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Benge v. Ryan

United States District Court, D. Arizona

July 8, 2014

Robert Joseph Benge, Plaintiff,
Charles L. Ryan, et al., Defendants.


DAVID G. CAMPBELL, District Judge.

Plaintiff Robert Joseph Benge, who is confined in the Arizona State Prison Complex-Lewis, has filed a pro se civil rights Complaint pursuant to 42 U.S.C. § 1983 (Doc. 1) and an Application to Proceed In Forma Pauperis (Doc. 2). The Court will order Defendants Ryan, Pratt, Wexford, Corizon, Merchant, Mahler and Tucker to answer the Complaint and will dismiss the remaining Defendants without prejudice.

I. Application to Proceed In Forma Pauperis and Filing Fee

Plaintiff's Application to Proceed In Forma Pauperis will be granted. 28 U.S.C. § 1915(a). Plaintiff must pay the statutory filing fee of $350.00. 28 U.S.C. § 1915(b)(1). The Court will assess an initial partial filing fee of $7.49. The remainder of the fee will be collected monthly in payments of 20% of the previous month's income credited to Plaintiff's trust account each time the amount in the account exceeds $10.00. 28 U.S.C. § 1915(b)(2). The Court will enter a separate Order requiring the appropriate government agency to collect and forward the fees according to the statutory formula.

II. Statutory Screening of Prisoner Complaints

The Court is required to screen complaints brought by prisoners seeking relief against a governmental entity or an officer or an employee of a governmental entity. 28 U.S.C. § 1915A(a). The Court must dismiss a complaint or portion thereof if a plaintiff has raised claims that are legally frivolous or malicious, that fail to state a claim upon which relief may be granted, or that seek monetary relief from a defendant who is immune from such relief. 28 U.S.C. § 1915A(b)(1), (2).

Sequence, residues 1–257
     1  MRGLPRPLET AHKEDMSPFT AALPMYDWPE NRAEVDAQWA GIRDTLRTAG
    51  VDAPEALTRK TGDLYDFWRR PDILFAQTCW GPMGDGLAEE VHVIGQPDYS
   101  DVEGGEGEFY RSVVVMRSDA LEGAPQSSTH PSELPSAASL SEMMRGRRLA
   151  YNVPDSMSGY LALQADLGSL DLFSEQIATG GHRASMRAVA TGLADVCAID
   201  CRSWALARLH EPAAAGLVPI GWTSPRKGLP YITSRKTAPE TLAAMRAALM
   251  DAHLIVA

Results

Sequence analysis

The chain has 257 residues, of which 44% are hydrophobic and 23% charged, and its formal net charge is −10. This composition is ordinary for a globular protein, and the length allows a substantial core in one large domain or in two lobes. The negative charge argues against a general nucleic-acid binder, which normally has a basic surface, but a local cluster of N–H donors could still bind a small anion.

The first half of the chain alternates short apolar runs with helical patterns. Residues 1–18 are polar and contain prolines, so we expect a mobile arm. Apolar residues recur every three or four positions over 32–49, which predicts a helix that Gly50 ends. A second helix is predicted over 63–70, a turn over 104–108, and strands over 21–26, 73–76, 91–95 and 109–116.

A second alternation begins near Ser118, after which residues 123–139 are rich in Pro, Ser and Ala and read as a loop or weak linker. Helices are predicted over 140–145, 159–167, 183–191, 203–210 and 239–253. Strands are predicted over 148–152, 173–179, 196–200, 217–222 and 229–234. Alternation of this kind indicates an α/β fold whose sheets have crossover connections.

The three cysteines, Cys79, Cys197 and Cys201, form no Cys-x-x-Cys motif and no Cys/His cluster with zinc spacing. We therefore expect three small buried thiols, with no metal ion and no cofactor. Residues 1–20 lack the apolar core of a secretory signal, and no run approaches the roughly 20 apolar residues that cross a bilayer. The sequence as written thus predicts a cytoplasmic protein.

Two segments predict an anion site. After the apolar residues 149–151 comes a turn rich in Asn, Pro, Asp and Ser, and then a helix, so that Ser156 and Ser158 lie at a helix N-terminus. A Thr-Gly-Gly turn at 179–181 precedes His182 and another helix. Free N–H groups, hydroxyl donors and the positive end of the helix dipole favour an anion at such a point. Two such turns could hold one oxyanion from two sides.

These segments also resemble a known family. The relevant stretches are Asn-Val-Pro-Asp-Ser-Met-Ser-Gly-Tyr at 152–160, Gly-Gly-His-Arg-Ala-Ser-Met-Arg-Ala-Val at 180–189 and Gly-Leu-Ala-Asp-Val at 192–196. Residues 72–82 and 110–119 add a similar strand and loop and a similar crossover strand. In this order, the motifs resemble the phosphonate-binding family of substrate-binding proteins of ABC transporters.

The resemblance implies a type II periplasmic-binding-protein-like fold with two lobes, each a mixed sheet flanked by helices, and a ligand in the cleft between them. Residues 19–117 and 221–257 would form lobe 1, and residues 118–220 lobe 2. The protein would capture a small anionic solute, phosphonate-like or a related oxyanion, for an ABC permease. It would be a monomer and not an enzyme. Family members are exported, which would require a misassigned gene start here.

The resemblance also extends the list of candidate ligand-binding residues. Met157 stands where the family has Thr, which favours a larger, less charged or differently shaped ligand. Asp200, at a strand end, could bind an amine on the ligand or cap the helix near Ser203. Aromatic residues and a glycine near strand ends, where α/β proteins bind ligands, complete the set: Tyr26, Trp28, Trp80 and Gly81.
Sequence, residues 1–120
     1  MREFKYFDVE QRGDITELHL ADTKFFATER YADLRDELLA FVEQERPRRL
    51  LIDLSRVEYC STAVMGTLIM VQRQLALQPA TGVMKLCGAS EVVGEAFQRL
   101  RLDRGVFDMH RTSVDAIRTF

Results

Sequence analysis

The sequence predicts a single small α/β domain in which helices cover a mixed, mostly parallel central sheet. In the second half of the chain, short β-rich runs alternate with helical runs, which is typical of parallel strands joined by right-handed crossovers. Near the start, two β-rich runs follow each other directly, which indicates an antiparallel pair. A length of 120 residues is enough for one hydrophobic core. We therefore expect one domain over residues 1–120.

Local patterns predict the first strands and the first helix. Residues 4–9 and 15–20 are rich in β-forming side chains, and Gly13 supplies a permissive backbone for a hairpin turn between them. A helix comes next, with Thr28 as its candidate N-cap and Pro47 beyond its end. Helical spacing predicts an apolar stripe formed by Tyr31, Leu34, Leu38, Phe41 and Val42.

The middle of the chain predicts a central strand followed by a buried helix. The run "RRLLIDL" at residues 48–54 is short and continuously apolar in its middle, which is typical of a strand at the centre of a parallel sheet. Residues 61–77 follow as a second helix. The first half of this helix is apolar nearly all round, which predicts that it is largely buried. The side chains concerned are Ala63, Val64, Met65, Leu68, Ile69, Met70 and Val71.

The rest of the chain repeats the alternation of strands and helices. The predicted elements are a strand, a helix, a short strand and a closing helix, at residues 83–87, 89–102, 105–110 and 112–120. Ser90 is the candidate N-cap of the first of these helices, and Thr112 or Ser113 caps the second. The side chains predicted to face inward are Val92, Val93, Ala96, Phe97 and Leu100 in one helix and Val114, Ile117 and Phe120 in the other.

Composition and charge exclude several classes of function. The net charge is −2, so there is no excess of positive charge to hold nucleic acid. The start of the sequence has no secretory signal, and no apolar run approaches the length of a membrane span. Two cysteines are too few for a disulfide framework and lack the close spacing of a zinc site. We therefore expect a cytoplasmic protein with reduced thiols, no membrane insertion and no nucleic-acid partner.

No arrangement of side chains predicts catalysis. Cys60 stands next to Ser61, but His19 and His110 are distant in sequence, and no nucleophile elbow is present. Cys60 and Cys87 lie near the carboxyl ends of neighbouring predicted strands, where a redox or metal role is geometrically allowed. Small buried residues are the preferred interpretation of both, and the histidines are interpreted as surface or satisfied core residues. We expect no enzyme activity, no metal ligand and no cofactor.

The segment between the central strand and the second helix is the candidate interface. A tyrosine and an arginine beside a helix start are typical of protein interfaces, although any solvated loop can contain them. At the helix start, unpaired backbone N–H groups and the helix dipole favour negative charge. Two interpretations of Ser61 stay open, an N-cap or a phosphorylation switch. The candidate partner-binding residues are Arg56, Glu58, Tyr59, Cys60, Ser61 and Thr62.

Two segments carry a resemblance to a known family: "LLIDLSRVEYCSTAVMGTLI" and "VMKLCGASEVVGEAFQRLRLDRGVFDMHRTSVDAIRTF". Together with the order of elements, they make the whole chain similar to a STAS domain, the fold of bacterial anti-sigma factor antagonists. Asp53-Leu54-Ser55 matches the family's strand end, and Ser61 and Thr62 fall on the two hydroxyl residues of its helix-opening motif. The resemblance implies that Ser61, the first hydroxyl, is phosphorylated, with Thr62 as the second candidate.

A pleading must contain a "short and plain statement of the claim showing that the pleader is entitled to relief." Fed.R.Civ.P. 8(a)(2) (emphasis added). While Rule 8 does not demand detailed factual allegations, "it demands more than an unadorned, the-defendant-unlawfully-harmed-me accusation." Ashcroft v. Iqbal, 556 U.S. 662, 678 (2009). "Threadbare recitals of the elements of a cause of action, supported by mere conclusory statements, do not suffice." Id.

"[A] complaint must contain sufficient factual matter, accepted as true, to state a claim to relief that is plausible on its face.'" Id. (quoting Bell Atlantic Corp. v. Twombly, 550 U.S. 544, 570 (2007)). A claim is plausible "when the plaintiff pleads factual content that allows the court to draw the reasonable inference that the defendant is liable for the misconduct alleged." Id. "Determining whether a complaint states a plausible claim for relief [is]... a context-specific task that requires the reviewing court to draw on its judicial experience and common sense." Id. at 679. Thus, although a plaintiff's specific factual allegations may be consistent with a constitutional claim, a court must assess whether there are other "more likely explanations" for a defendant's conduct. Id. at 681.

But as the United States Court of Appeals for the Ninth Circuit has instructed, courts must "continue to construe pro se filings liberally." Hebbe v. Pliler, 627 F.3d 338, 342 (9th Cir. 2010). A "complaint [filed by a pro se prisoner] must be held to less stringent standards than formal pleadings drafted by lawyers.'" Id. (quoting Erickson v. Pardus, 551 U.S. 89, 94 (2007) ( per curiam )).

III. Complaint

In this two-count Complaint, Plaintiff names the following Defendants: Arizona Department of Corrections Director Charles L. Ryan; Jane Doe Ryan; Director of Health Services Richard Pratt; Jane Doe Pratt; the Arizona Department of Corrections (ADOC); Wexford Health Incorporated (Wexford); Corizon Health Sources (Corizon); Dr. Kenneth Merchant; Jane Doe Merchant; Physician's Assistant Carey Tucker; Jane Doe Tucker; and Registered Nurses C. Mahlar and John Doe.